- 1. Scientists are discovering a significant difference between smoking and spraying. What is the acute effect of smoked and vaporized cannabis in healthy adults?
Scientists are discovering a significant difference between smoking and spraying. What is the acute effect of smoked and vaporized cannabis in healthy adults?
How does smoked or vaporized cannabis strongly influence subjective effects, cognitive performance, psychomotor performance, and cardiovascular measurements in healthy adults?
A study published in the JAMA supervised by Ryan Vandrey, associate professor of psychiatry and behavioral science at the Johns Hopkins School of Medicine, actually bears on administration of THC using controlled methods. The different ways in which THC enters the body produce effects on dramatically different time scales.
The scientific experiment
This study was conducted from June 2016 to January 2017 on 17 healthy adults. Six smoke and vapor outpatient experimental sessions, with 1 week of weaning between sessions, were carried out in groups and the doses of THC were distributed at random in each group.
Eligible participants were judged to be in good health by examining their medical history, electrocardiogram, blood tests (hematology and serology), and physical examination. Participants said they had used cannabis in the past, but denied having used cannabis or other illicit drugs in the month before participating. Urinary toxicology tests for cannabis, amphetamines, benzodiazepines, cocaine, methylenedioxymethamphetamine (MDMA), opioids and phencyclidine were performed using rapid enzyme immunoassay kits during screening and before each experimental session. : Participants had to provide a negative result for all drugs before each session. This study was approved by the Johns Hopkins Medicine Institutional Review Board and all participants gave their informed consent in writing.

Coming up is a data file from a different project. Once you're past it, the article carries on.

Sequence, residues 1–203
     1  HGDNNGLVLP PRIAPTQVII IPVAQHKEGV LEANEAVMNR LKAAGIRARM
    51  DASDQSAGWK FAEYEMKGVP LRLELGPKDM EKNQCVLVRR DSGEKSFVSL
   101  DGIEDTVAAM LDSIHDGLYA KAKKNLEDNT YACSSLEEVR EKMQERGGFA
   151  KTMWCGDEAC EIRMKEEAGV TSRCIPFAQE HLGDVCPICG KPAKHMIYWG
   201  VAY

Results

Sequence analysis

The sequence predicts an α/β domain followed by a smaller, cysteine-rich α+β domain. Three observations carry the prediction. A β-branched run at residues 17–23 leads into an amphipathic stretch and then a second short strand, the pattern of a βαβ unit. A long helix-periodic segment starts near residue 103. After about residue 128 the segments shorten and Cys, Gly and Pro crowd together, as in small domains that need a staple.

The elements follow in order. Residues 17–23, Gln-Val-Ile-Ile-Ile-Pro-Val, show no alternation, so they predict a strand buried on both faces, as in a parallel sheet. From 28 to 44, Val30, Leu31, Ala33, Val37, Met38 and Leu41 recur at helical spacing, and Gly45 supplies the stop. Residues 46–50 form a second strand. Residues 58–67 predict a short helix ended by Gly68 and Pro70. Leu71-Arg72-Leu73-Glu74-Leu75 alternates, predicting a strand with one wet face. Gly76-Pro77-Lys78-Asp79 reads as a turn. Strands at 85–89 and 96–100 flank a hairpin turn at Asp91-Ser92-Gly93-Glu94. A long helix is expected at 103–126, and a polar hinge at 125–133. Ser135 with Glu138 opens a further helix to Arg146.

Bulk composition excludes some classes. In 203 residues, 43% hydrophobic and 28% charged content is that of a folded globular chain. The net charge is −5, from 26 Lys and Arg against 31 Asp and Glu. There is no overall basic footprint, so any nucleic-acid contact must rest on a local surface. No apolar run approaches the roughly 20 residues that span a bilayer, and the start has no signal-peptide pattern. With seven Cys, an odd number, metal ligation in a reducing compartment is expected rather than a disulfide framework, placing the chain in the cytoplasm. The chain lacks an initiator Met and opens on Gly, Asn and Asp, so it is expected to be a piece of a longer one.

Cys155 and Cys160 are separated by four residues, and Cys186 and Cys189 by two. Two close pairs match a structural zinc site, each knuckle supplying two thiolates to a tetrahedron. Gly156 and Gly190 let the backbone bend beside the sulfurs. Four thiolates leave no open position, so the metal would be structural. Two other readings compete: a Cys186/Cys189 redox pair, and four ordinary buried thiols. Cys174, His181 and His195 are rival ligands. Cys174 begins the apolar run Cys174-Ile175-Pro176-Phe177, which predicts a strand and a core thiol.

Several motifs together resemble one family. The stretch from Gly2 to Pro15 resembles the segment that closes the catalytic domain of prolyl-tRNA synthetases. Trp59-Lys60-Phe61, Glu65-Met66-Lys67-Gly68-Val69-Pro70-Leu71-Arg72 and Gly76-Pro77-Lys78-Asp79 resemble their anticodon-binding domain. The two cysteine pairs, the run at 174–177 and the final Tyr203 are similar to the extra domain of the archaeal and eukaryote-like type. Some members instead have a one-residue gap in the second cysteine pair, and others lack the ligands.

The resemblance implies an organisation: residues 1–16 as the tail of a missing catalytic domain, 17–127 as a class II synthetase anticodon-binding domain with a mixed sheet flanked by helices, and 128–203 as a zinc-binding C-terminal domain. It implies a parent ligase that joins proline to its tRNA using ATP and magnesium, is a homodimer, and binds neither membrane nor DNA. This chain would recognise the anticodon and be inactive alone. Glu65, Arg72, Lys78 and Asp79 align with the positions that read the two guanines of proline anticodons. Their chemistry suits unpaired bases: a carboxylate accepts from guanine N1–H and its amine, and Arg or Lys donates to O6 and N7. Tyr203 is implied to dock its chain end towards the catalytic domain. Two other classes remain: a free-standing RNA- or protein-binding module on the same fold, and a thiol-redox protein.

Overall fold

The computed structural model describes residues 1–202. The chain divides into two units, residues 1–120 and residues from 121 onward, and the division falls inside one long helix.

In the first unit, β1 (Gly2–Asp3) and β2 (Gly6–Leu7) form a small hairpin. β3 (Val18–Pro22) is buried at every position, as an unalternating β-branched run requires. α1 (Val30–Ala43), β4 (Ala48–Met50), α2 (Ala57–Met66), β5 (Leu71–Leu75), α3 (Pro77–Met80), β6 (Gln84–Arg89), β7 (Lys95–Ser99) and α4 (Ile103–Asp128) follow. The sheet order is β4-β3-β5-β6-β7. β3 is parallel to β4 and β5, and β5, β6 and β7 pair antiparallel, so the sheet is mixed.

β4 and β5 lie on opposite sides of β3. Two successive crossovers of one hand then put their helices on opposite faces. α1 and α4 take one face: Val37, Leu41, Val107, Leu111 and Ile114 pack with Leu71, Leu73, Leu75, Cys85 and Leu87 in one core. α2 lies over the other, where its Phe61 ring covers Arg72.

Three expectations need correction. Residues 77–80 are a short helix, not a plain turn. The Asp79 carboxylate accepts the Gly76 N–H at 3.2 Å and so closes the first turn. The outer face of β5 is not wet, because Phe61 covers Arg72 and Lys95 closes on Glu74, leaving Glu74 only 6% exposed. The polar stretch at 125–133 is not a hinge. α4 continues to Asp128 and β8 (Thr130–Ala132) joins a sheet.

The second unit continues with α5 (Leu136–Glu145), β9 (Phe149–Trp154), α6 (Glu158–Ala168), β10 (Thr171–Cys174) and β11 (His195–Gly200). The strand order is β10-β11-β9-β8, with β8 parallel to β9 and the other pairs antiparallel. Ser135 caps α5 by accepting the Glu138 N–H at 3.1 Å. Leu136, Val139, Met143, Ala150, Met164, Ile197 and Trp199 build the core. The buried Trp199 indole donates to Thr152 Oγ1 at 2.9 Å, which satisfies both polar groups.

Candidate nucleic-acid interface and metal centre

The aim of this study was to compare the pharmacodynamics and pharmacokinetics of smoked and vaporized cannabis in healthy adults. This study builds on previous research by examining multiple doses of inhaled THC, enrolling people with infrequent drinking patterns (defined here as no use in the past 30 days accompanied by a negative result to urine toxicology test) and including a full battery of pharmacodynamic tests (i.e., subjective effects of drugs, cognitive and psychomotor performance, and vital signs).
Result on different doses
Each participant received either zero (placebo), ten or 25 milligrams of THC, and then reported their experiences of each dose in each condition in six different trials.
In a crossover trial, inhalation of smoked and vaporized cannabis, containing 10 mg of Δ9-tetrahydrocannabinol produced discriminatory effects and modest impairment in cognitive functioning, while inhalation of a 25 mg dose of THC was associated with pronounced effects, an increased incidence of adverse effects and significant impairment of cognitive and psychomotor capacities.
Vaporized cannabis produced greater pharmacodynamic effects and higher THC concentrations in the blood than smoked cannabis in equal doses. This means that significant, and sometimes harmful, effects can occur at relatively low doses of THC in infrequent cannabis users and therefore these data should be taken into account in the regulation of retail cannabis products and in the development of cannabis products. education of people who start to use cannabis.
In smokers, THC levels in the blood peaked at around 3,8 nanograms per milliliter of blood when they were given 10 milligrams of THC.
Vaporizers, on the other hand, ended up with significantly more THC in their body, reaching 7,5 nanograms per milliliter of blood. This trend was repeated when participants received higher doses: vaporizers had 14,4 nanograms of THC per milliliter of blood, and smokers only 10,2.
Vaporization therefore turned out to be a more efficient way of delivering THC to the blood, but it also changed the experience of study participants with regard to the dose of THC. This evidence that vaporizers experience the effects of THC differently contradicts previous work which showed no significant difference between the two methods.